Ahmadinejad: Tehran to respond in a positive way if US adopts a genuinely new approach; Ahmadinejad holds talks with EAM Pranab Mukherjee; Israel’s Deputy Prime Minister requests the US not to go soft on Iran
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  • Iran’s President Mahmud Ahmadinejad stated that if the US adopted a genuinely new approach to his country, Tehran would respond in a positive way. He also appreciated the changing behaviour of the US and its officials. Ahmadinejad asserted that the Iranian work plan, which was a follow-up to the original proposal in 2006, offered nuclear cooperation as well as prospects for increased trade in energy, high technology, and agriculture1.

    Meanwhile, EAM Pranab Mukherjee held talks with Mr. Ahmadinejad on the sidelines of the 15th meeting of Foreign Ministers of the Non-Aligned Movement (NAM) in Tehran on August 30. The focus of the meeting was on development of energy ties and cross-border transportation links. A senior Indian official told reporters that both sides reaffirmed their desire to purposefully move forward on energy-related matters. Both countries were also working on developing a route linking the Iranian port of Chabahar to Afghanistan and Central Asia2.

    US officials on their part alleged that Iran had failed to win much support for its nuclear drive from its friends in the NAM. State Department officials pointed out that a draft statement containing references to Iran’s right to have a fuel cycle program for peaceful purposes was deleted in the final formulation3.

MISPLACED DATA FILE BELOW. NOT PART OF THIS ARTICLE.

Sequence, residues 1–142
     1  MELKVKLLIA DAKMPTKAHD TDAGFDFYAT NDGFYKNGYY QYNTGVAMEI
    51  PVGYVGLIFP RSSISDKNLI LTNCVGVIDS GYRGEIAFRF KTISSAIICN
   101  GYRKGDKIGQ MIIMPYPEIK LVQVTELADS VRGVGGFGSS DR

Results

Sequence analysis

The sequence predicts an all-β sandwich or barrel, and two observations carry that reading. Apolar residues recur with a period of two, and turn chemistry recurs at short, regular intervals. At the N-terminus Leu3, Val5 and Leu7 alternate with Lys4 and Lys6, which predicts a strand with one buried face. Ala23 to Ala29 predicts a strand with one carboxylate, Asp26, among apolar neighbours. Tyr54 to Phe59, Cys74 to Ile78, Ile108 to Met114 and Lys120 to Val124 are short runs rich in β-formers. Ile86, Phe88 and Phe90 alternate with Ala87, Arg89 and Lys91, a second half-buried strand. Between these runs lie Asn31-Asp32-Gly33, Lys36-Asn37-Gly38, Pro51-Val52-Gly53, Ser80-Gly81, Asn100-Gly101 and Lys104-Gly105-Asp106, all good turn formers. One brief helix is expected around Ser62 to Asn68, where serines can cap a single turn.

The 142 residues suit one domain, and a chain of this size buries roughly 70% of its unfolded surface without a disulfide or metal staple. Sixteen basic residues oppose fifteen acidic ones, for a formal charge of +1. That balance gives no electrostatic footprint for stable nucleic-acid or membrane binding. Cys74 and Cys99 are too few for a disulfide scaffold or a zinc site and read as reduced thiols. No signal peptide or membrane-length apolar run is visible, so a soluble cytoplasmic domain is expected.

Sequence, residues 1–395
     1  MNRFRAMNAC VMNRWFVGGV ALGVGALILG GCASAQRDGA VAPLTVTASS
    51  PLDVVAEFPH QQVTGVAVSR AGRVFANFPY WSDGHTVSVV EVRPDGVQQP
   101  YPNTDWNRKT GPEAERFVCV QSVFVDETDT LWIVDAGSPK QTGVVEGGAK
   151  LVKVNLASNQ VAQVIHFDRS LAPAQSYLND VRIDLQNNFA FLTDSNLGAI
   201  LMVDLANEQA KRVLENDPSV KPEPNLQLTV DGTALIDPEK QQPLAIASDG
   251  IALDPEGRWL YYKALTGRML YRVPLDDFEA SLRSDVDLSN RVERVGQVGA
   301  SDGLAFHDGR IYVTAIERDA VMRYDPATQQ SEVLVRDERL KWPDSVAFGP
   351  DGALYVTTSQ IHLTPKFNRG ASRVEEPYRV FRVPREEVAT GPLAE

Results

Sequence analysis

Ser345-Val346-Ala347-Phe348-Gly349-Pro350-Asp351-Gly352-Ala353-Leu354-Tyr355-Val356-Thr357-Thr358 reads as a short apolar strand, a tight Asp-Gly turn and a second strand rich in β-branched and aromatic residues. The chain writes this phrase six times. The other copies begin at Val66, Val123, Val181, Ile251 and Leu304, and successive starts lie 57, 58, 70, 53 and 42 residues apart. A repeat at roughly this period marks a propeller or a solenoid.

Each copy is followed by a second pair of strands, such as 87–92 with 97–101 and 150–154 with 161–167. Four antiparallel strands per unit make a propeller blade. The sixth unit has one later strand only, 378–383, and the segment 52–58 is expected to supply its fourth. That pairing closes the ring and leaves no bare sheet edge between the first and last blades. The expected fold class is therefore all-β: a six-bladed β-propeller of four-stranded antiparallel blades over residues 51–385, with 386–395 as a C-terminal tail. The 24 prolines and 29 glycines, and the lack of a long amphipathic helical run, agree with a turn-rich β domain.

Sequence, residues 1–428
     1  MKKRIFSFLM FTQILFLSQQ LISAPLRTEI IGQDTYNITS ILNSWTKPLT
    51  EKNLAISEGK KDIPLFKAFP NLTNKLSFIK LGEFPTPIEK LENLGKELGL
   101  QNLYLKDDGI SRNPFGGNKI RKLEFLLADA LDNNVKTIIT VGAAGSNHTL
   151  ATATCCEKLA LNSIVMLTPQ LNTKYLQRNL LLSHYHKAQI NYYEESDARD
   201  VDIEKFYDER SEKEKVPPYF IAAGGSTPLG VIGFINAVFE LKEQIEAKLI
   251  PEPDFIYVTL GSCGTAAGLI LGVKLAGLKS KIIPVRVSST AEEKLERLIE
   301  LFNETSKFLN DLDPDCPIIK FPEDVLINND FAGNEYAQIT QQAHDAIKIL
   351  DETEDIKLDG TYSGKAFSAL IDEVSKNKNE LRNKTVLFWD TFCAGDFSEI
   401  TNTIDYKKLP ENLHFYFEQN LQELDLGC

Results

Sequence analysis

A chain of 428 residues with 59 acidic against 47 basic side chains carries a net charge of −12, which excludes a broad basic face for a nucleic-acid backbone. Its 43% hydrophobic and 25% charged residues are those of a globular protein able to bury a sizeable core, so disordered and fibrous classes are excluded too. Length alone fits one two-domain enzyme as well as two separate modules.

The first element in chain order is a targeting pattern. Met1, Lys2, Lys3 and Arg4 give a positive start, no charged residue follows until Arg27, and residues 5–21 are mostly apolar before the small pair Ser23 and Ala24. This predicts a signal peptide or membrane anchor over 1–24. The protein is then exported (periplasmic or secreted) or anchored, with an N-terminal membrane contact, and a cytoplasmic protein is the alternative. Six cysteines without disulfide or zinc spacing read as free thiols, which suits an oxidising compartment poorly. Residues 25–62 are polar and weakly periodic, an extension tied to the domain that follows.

Reports noted that Israeli officials have expressed displeasure at the recent US engagement with Iran and have called on the Bush administration to stand firm on demanding Tehran abandon its nuclear projects. In a shift of policy, US diplomat William Burns had joined envoys from other world powers for a July 19 meeting with an Iranian delegation, during which Tehran was given a time frame of two weeks to heed calls to curb uranium enrichment or face the prospect of more sanctions. Iran has however vowed to press ahead with its nuclear plans. In a meeting with Mr. Burns, Israel’s Deputy Prime Minister, Shaul Mofaz urged the US to set firm conditions - such as a refusal to allow the Iranians to enrich uranium on their turf, and to be clear that the deadline must be preserved. The State Department on its part issued a statement after the Mofaz-Burns meeting insisting that the possibility of using force against Iran was not discussed4.